This project is the RGBI to RGBA project packaged into a custom PCB Design and with a few additions. Such as a dedicated 5V DC Power Jack for when using it with an IBM Based pc for CGA.

It still has all the Commodore functions and more passthrough functions now for the Commodore 128. The Commodore specific parts could be skipped though.

Below are some pictures of the PCB Design work in progress.

3/4/23 the finished v1.3. Is ready to download.

The board is sized to fit into the same case I used for the prototype. The problem with that is you can not get it into the case with the DB ports soldered on. I still laid it out for that size and the mounting holes to match that case. I have a couple of them yet. I think it would probably be better to design a 3d printed case. I can make it split at the place I need to get it in and out easily that way.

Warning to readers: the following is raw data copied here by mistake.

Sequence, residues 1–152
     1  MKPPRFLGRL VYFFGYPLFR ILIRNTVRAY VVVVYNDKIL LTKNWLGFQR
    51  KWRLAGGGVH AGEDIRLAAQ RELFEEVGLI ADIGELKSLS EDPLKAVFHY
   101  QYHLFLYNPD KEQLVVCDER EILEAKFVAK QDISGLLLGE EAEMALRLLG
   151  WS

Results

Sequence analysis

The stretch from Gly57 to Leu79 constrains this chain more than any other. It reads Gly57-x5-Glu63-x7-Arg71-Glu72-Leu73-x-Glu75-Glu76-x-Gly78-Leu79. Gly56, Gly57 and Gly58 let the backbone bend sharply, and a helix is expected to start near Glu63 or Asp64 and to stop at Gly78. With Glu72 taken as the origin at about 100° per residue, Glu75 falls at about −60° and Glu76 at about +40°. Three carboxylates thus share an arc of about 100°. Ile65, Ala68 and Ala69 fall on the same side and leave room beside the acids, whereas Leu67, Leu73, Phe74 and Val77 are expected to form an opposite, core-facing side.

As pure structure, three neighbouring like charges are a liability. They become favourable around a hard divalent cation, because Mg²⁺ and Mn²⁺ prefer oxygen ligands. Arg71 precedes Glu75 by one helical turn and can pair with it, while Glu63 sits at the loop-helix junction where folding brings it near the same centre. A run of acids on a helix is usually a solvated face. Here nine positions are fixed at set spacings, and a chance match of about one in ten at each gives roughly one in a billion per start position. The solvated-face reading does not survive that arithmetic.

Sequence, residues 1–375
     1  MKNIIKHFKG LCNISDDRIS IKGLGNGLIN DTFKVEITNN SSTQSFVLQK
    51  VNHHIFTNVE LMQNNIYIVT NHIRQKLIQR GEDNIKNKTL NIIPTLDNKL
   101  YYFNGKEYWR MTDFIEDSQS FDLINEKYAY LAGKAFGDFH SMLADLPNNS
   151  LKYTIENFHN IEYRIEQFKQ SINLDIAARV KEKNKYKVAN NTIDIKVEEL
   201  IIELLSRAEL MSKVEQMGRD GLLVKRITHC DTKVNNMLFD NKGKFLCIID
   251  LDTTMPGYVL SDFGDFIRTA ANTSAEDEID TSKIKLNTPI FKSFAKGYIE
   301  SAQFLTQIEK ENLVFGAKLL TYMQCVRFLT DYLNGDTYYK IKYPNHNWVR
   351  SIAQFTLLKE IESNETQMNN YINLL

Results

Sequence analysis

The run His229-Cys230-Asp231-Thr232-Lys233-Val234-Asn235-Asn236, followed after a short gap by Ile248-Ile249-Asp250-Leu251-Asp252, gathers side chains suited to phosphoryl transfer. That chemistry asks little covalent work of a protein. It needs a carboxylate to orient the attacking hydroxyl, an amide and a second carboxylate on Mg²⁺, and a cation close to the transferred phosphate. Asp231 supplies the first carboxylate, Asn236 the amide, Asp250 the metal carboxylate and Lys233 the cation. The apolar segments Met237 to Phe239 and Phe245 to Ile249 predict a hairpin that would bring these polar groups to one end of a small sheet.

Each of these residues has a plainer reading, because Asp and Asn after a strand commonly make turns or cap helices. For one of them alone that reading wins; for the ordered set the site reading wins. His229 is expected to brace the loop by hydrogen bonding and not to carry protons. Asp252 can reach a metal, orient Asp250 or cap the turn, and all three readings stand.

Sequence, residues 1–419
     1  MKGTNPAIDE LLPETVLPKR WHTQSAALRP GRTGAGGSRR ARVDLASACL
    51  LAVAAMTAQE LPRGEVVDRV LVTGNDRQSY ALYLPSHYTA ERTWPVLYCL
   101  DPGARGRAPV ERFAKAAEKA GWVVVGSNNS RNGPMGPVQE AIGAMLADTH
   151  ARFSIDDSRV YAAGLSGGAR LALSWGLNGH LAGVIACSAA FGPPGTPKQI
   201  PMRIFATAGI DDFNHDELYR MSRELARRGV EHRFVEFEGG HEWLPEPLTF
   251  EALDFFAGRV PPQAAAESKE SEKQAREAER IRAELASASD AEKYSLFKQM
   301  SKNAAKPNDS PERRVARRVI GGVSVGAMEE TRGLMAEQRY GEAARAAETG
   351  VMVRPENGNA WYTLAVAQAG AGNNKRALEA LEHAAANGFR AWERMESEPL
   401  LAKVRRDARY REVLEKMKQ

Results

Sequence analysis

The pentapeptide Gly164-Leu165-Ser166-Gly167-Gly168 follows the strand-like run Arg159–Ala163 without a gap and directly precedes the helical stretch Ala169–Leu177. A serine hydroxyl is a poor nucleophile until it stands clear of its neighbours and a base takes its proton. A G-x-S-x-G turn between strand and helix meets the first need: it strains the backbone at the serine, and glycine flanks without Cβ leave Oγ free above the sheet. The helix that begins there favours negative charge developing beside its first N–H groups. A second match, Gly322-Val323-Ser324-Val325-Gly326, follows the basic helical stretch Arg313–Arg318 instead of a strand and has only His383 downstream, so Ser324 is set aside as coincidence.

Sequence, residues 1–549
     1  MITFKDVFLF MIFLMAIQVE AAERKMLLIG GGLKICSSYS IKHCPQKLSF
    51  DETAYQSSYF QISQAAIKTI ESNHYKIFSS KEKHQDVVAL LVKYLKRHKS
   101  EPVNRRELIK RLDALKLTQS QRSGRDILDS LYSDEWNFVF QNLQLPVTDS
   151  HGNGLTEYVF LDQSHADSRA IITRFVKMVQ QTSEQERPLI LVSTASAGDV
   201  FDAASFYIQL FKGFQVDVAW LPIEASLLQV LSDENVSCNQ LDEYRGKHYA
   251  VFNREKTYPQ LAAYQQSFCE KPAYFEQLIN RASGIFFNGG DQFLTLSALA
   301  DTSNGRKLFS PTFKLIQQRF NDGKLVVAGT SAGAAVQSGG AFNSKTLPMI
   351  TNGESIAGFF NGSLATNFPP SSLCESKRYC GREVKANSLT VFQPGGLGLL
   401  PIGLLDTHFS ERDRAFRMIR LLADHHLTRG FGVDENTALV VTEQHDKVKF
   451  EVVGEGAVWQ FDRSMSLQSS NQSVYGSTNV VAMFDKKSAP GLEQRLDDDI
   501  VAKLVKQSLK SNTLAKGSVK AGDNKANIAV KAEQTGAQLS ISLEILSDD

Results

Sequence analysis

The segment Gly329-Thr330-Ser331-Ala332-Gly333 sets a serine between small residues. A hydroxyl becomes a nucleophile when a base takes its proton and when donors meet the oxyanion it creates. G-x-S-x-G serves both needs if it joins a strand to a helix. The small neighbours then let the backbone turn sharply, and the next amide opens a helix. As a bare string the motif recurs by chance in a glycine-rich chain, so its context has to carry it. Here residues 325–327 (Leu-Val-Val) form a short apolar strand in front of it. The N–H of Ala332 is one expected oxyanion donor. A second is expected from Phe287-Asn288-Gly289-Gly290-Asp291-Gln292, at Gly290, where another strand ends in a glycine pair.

The board layout is basically a DB9 port on the left side for the RGBI/CGA input. Along the top the first port is for a single RCA Port for 80 Column Monochrome output from the Commodore 128’s RGBI Port. It is there, so I figured it is easy to include. You don’t need an “adapter” to use the Monochrome output, it is just Pin7 on the RGBI DB9 port on the back of the C128, I am passing it through the 74LS244 buffer though. The next footprint is a SVideo Port for from the Commodore 40 Column from the AV Port, including a 300 Ohm resistor on the Chroma line. The next port along the top is for another RCA Port and it is the Commodore 40 Column Composite Video from the AV Port. The last port along the top is a third RCA Port which is the Audio Output from the Commodore AV Port. There along the right side is the 15 Pin RGB Analog Output. The bottom left has the 5V DC Barrel Jack footprint (Center Positive). The Header pins are the C64 AV Port, it is oversized as I want to make it “keyed” with a missing pin and a plugged hole in the connector. The CSync/HSync is to set the Sync output for the normal HSync pin on the VGA port to either be Combined Sync (CSync) or to just pass through the HSync normally. The Audio header is a jumper to either output the Audio to the RCA Port above it when in the Left side or to output it on the VGA port on Pin10 for when I use it with the SCART to HDMI Converter box. InvertSync is another jumper to Invert the CSync/HSync line if needed. Finally the SCART Blanking is a jumper to enable sending VCC/5V to Pin9 on the VGA Port again this is for when I use the adapter with the SCART to HDMI Converter box, this enables the SCART RGB Detection on SCART Pin 16.